As Pakistan commemorates the 1965 war with India on Sunday, several commentators have rubbished the theory that the country emerged victorious in the conflict triggered by Islamabad’s decision to send infiltrators into Jammu and Kashmir to spark an uprising.
Historian S Akbar Zaidi dispelled “the victory myth” during an event in Karachi on Friday, saying there could be no a bigger lie as Pakistan lost terribly, the Dawn newspaper reported.
People were unaware of this because the history taught in Pakistan is from an ideological viewpoint, Zaidi said while speaking on the theme “Questioning Pakistan’s history”.
Referring to the distorted history being taught to students, he said: “With the celebration of the victory in the 1965 war round the corner, there can be no bigger lie (than) that Pakistan won the war. We lost terribly in the 1965 war.”
He asked people to read security analyst Shuja Nawaz’s book “Crossed Swords”, which exposed the reality of the war.
Nawaz is the brother of Gen Asif Nawaz, who died in mysterious circumstances in 1993 while serving as the Pakistan Army chief. Though his death was attributed to a heart attack, reports have suggested he was poisoned. The book “Crossed Swords” gives an inside account of numerous operations the Pakistan Army was involved in.
Zaidi also spoke of the need to question Pakistan’s history, including the reason why the country was formed. “These events and questions have not been settled. They are constantly being reinterpreted, this is because history does not die, it keeps reliving by questioning facts and truths.”
He also referred to East Pakistan, which broke away after the 1971 war with India to become Bangladesh, and said: “East Pakistan has been erased from memory. The Bengalis of East Pakistan have been reduced to traitors. India interfered and East Pakistan decided to separate. But what about Pakistan Army’s role in its separation?”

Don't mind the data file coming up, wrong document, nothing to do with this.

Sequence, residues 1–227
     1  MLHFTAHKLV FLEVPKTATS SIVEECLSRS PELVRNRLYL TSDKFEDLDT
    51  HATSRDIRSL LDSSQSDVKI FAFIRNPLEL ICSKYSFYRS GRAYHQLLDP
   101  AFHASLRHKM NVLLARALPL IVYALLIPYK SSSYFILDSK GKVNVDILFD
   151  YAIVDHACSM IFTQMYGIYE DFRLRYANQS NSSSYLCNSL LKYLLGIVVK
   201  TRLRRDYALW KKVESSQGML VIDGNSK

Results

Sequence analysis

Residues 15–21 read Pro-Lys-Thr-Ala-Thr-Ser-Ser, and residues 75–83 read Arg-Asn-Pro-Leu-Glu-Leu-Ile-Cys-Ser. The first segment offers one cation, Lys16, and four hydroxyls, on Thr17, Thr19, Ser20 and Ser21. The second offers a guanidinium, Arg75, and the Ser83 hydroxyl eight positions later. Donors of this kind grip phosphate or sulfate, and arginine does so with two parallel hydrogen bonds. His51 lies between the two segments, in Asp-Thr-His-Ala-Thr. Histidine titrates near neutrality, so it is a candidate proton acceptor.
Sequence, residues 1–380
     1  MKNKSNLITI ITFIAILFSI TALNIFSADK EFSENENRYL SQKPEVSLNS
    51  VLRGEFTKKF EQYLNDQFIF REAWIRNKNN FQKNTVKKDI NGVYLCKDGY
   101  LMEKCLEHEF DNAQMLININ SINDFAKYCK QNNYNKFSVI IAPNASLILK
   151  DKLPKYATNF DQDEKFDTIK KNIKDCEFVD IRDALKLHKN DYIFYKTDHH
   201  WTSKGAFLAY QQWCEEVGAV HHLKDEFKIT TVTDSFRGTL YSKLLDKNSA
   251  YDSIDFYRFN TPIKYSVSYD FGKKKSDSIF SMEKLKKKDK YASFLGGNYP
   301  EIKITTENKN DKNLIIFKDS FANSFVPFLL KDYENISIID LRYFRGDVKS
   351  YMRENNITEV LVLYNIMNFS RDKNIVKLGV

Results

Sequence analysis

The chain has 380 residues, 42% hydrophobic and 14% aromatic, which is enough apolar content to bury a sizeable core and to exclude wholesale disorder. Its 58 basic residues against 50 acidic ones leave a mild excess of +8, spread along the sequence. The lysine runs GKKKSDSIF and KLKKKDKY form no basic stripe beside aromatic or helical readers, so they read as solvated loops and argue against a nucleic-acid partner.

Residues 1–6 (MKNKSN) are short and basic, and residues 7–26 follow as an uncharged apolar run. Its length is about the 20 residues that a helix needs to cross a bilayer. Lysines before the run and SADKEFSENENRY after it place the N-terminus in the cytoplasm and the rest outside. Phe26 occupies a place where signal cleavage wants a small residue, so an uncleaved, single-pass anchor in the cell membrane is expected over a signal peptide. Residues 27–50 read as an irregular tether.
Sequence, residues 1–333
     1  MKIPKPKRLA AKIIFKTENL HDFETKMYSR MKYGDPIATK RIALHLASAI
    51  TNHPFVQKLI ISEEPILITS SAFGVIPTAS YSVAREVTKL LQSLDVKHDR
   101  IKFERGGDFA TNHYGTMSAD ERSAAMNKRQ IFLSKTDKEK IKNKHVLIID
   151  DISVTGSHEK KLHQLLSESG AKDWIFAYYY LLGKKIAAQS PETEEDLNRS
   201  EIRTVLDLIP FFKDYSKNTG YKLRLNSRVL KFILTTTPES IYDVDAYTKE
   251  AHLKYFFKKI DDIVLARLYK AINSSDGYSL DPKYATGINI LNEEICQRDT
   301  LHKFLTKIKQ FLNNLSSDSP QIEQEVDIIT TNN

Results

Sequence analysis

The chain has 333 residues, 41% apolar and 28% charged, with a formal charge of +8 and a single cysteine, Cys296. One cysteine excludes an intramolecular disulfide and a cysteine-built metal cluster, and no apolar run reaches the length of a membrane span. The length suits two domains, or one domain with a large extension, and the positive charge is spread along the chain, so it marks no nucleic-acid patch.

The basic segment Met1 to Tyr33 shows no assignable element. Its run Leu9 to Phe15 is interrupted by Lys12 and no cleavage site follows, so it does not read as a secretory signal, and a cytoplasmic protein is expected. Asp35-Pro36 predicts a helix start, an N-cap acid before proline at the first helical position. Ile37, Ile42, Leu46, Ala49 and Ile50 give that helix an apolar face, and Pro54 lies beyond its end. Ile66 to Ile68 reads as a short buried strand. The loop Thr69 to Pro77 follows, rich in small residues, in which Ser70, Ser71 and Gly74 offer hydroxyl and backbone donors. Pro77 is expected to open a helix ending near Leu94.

referred to former ISI chief Lt Gen (retired) Mahmud Ahmed’s book “History of the Indo-Pak War – 1965”, which states Pakistan launched “Operation Gibraltar” by sending infiltrators to Jammu and Kashmir to foment an “armed revolt”.
“The intelligence directorates were unable to provide any worthwhile intelligence to 12 Division for the guerrilla operations... In fact, none came forth (in Jammu and Kashmir) to help the guerrilla forces. Therefore, despite undetected infiltration across the Cease Fire Line, all the Gibraltar Forces...ran into trouble at the very outset of their operations,” Mahmud wrote.
Operation Gibraltar did not lead to any large-scale uprisings and the Indian Army “retaliated violently resulting in the loss of some valuable territory”. The Pakistan Army then launched “Operation Grand Slam” by sending regular troops into Jammu and Kashmir but was surprised when Indian forces attacked on September 6, 1965, Mahmud wrote.
“In the case of Pakistan, if it was solution of Kashmir, then we failed; if it was merely to defreeze the issue, then the means employed and risks taken were grossly disproportionate to the results achieved. In the bargain, we got a war which we perhaps did not want and could have avoided,” Mahmud concluded in his book.